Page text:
When I couldn't figure out algebraic equations, I gave up. When I didn't understand oxidation-reduction reactions in chemistry, I gave up. When I couldn't serve the ball in volleyball, I quit. Whenever I felt defeated, I withdrew. It took me a couple decades to realize I had to work through my hardships and not around them.
Unfortunately, I can already see a similar pattern with my daughter, but I am hoping I can convince her that giving up isn't the best approach. According to Psychology Today, girls judge their abilities differently than boys do. In fact, girls are way more harsh to themselves and believe "that their abilities are innate and unchangeable, while boys believe they can develop ability through effort and practice." This is one of the reasons girls give up when they don't understand something right away: they believe they never will. I hope my daughter will not be so critical of herself and will struggle through whatever she does not understand.
I Hope She Is Tough
I'm soft. I tried fighting it and I tried putting on a tough act, but I have been and will probably always remain "soft." I forgive easily, apologize quickly, and avoid confrontation. While all of those seem like great qualities, those same qualities invite people to take advantage of me. Sure, I am aware of that fact, but I can't help who I am. However, because I know how crappy it feels to be a rug people wipe their feet on, I hope my daughter isn't quite as soft as I am. I do hope she forgives and forgets, but I hope she does so after she feels truly vindicated and justified. I hope she treats herself with respect and thus demands that respect from those around her.
I Hope She Learns That Her Appearance Does Not Define Her As A Person
As a teenager, I was a rare breed of confidence. I felt good, I looked good, I had multiple friends and boyfriends. I did not pay too much attention to my appearance because I felt great in that respect. Then, in college, I gained weight and my world started to feel way more judgmental. The thing is, I still had friends and boyfriends, but because my appearance wasn't what I expected, I felt terrible. I hated myself and tortured myself with self-criticism. I made self-deprecating jokes about my weight, was uncomfortable in my own skin, and I felt defined by the number on the scale.
I hope my daughter never feels defined by her weight or her appearance in general. I hope she knows she is the person she is because of who she is and not what she looks like.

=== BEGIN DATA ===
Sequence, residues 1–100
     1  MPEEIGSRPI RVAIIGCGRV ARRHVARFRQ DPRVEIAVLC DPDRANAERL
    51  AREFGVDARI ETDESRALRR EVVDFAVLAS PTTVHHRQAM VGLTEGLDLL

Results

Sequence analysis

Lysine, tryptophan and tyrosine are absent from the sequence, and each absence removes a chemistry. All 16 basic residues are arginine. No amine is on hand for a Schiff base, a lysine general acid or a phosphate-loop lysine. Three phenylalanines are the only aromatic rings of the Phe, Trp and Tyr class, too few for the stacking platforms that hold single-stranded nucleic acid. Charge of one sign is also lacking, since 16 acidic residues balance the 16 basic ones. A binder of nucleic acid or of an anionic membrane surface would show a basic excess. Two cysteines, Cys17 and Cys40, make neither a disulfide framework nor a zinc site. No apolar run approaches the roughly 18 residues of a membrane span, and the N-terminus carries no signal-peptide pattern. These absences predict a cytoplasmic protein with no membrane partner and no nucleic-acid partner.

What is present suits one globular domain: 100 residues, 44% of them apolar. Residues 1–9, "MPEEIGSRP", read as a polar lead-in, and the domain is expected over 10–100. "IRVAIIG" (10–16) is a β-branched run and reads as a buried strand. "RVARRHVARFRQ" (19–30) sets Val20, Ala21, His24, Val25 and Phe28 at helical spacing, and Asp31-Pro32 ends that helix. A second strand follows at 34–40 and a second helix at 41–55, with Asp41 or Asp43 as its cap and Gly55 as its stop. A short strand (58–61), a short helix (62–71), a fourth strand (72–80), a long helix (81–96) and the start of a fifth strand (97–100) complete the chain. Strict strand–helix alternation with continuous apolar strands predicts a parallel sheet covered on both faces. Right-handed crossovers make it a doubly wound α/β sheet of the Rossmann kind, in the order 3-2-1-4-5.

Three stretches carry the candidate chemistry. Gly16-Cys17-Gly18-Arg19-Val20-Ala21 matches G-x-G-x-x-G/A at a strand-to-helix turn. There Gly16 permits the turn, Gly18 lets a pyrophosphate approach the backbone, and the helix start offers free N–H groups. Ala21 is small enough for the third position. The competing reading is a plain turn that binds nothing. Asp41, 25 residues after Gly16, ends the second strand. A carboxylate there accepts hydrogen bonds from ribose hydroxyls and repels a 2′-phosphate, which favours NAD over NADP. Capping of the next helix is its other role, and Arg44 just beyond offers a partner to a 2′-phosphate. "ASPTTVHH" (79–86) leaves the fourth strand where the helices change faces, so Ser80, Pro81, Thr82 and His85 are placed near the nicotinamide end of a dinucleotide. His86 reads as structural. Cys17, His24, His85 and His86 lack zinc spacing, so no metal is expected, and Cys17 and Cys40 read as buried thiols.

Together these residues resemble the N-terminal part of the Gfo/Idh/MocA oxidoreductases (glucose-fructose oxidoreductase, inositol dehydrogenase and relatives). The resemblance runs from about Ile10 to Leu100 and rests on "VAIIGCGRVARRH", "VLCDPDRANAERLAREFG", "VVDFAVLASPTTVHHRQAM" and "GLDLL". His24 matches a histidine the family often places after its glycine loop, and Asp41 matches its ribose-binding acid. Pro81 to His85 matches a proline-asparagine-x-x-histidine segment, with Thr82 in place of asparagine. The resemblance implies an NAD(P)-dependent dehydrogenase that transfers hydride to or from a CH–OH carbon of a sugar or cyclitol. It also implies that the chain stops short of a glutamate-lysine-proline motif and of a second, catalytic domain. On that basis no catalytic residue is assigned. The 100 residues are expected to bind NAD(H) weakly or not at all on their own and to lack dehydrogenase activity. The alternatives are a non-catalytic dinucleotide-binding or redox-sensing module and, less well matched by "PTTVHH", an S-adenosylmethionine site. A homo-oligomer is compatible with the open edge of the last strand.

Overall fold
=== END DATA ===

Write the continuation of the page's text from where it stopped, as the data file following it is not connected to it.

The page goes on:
I Hope She Speaks Up For Herself
As a kid I spoke up for myself in some situations, and the older I got the easier it got. Still, I hope it doesn't take my daughter a couple decades to learn she is important and that her voice matters. I hope she knows to speak up for herself in times of uncertainty and in times of injustice. I hope she stands up for herself often and with confidence. I hope she speaks up for herself as a girl and as a woman.
I Hope She Doesn't Attend Every Fight She Is Invited To
This is something I've had difficulty with until very recently. I've always felt the need to defend my position even when that need cost me friendships and relationships. While I hope my daughter is strong and outspoken, I also hope she realizes not every battle deserves her attention. Not every argument is worth the feeling of victory.
I Hope She Stands Firm For Her Convictions
I've always disliked those who lack conviction. I'll take a stubborn person who vigorously disagrees with me over someone who agrees for the sake of agreeing. I want my daughter to be opinionated and to be uncompromising. I want her to be steadfast in her beliefs and to never change herself for someone or something. I hope she never takes on the persona of her romantic interests and I hope she never adapts to a group of people just to be a part of that group of people.
I Hope She Fights For Those Who Are Unable To Fight For Themselves
Finally, I hope, like me, she stands up for those who are unable or unwilling to stand up for themselves. I hope she fights for those who lack a voice in society. I hope she lifts people up instead of tearing them down and praises people instead of judging them. I hope she will be the best version of herself. The best version of womanhood. The best version of humanity.